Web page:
Persian Gulf Tanker Rates May Drop on Bookings Delay
The cost of shipping Middle East crude to Asia, the world's busiest route for supertankers, may drop as oil companies hold back cargoes and the supply of ships rises.
There are 85 very large crude carriers, or VLCCs, for hire through Nov. 22, Paris-based shipbroker Barry Rogliano Salles said in a report yesterday. Chartering officials who hire ships for refiners need to find about 82 for the whole of November.
GS Caltex Corp., South Korea's second-largest refiner, hired the tanker La Madrina for 87.5 Worldscale points, according to Oslo-based shipbroker SeaLeague AS.
That's little changed from the London-based Baltic Exchange's benchmark assessment of 87.03 points, based on Saudi Arabian shipments to Japan.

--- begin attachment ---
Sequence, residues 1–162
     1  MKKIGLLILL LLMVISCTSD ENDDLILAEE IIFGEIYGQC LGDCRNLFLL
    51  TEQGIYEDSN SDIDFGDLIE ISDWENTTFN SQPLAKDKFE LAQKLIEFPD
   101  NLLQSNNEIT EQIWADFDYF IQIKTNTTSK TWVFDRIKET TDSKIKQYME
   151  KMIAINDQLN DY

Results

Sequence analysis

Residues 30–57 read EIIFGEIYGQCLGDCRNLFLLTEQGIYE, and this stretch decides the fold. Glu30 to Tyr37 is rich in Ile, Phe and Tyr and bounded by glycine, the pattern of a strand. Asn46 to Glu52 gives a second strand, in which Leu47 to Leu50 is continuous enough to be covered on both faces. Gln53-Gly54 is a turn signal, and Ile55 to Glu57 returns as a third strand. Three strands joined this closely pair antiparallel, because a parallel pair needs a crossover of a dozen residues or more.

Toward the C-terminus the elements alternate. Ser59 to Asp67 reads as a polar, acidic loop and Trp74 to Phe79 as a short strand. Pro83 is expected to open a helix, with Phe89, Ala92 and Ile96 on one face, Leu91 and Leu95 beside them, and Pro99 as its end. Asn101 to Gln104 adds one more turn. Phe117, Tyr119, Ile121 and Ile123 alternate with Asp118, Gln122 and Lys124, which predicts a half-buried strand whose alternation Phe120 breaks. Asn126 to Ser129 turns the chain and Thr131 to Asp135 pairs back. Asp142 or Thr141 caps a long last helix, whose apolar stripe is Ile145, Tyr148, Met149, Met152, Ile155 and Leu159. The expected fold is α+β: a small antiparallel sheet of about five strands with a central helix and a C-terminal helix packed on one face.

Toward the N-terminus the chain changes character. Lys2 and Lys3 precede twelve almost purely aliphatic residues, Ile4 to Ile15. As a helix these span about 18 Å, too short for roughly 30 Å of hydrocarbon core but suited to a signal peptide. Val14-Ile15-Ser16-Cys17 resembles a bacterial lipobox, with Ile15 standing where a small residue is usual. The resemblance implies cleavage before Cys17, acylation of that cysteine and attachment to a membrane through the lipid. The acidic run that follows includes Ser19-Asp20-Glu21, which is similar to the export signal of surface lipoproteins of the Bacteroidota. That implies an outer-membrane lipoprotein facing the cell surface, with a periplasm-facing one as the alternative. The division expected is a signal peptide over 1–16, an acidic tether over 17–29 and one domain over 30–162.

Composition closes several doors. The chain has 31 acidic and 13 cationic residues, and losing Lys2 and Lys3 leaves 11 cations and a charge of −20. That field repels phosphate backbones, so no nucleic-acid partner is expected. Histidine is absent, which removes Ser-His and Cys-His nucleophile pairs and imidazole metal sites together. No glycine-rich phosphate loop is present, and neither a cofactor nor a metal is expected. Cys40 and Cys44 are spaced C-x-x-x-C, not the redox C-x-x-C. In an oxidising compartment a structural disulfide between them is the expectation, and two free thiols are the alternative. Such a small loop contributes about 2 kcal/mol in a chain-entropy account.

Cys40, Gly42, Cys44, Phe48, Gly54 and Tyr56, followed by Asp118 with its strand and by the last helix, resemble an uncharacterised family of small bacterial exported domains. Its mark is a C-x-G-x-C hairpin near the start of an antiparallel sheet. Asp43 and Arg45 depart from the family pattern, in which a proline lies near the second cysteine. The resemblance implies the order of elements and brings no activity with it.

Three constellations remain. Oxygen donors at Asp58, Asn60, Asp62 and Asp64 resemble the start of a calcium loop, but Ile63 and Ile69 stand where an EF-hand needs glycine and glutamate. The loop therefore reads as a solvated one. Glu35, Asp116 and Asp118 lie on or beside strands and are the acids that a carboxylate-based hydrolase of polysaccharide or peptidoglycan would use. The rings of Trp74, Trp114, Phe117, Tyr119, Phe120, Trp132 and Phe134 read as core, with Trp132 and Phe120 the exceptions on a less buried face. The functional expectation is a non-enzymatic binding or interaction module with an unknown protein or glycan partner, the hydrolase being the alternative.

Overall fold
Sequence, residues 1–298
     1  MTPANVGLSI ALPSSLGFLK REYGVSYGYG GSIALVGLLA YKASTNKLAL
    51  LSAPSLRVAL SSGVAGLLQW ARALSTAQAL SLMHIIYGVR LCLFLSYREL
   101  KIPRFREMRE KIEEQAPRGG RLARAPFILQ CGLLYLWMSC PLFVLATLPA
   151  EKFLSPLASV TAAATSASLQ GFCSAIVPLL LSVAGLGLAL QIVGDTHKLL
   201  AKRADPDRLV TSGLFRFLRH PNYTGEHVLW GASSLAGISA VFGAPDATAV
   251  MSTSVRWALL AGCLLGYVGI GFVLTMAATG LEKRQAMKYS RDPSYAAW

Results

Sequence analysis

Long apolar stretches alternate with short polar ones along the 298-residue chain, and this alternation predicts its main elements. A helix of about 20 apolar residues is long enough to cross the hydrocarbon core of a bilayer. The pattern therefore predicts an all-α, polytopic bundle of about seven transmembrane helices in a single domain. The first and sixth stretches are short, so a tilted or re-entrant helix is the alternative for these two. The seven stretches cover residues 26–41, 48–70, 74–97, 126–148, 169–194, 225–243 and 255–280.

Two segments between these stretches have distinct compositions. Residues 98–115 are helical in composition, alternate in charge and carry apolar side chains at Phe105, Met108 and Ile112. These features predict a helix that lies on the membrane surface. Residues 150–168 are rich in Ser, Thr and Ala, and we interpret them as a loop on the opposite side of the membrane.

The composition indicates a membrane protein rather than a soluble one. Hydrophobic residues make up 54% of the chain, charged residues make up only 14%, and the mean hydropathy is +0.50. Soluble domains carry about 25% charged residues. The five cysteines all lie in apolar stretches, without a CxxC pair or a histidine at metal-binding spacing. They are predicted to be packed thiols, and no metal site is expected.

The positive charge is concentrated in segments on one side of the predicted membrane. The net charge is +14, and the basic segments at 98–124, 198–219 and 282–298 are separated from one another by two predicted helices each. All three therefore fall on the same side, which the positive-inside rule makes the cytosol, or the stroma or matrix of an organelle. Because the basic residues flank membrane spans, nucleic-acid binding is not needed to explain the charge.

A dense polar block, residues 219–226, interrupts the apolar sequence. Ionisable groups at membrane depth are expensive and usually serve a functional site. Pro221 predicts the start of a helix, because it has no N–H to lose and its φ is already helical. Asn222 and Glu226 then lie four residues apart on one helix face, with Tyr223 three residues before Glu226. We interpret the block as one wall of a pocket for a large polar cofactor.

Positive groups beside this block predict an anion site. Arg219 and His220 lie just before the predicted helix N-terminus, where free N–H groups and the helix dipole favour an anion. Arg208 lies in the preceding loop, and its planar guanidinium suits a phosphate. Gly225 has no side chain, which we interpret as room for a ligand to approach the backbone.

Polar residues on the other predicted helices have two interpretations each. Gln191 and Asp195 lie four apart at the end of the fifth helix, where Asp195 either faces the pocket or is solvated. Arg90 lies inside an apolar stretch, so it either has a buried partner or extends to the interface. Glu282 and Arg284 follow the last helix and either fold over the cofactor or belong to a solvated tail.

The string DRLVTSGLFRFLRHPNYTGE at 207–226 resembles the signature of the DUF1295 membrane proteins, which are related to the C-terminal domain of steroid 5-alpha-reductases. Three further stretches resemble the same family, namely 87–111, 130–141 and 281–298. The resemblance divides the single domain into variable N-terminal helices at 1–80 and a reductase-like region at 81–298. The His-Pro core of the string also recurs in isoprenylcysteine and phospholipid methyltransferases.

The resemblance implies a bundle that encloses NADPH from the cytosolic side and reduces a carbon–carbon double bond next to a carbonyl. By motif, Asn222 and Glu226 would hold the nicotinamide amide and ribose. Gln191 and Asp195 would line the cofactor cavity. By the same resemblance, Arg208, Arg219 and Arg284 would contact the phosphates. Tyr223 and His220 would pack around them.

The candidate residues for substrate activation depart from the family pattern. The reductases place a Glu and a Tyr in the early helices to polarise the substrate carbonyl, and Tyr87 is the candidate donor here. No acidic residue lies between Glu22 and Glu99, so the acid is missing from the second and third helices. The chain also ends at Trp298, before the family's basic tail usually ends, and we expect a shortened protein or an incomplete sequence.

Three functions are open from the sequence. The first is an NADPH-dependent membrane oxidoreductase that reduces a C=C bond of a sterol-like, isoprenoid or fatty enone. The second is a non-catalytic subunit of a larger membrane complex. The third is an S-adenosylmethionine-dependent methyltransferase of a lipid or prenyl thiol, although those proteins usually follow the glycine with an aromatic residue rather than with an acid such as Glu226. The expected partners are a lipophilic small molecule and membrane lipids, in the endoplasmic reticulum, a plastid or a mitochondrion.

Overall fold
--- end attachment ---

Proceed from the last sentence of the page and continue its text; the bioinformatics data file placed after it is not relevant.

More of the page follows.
Worldscale points are a percentage of a nominal rate, or flat rate, for more than 320,000 specific routes. Flat rates for every voyage, quoted in U.S. dollars a ton, are revised annually by the Worldscale Association in London to reflect changing fuel costs, port tariffs and exchange rates.
Each flat rate assessment gives owners and oil companies a starting point for negotiating hire rates without having to calculate the value of each deal from scratch.
A rate of 87.03 Worldscale equates to $50,007 in daily rental income after fuel and port costs are paid, according to the Baltic Exchange's calculations. Globally, the carriers are making $51,247 a day.
Frontline Ltd., the world's biggest operator of VLCCs, said Aug. 21 it needs $31,400 a day to break even on each of its supertankers.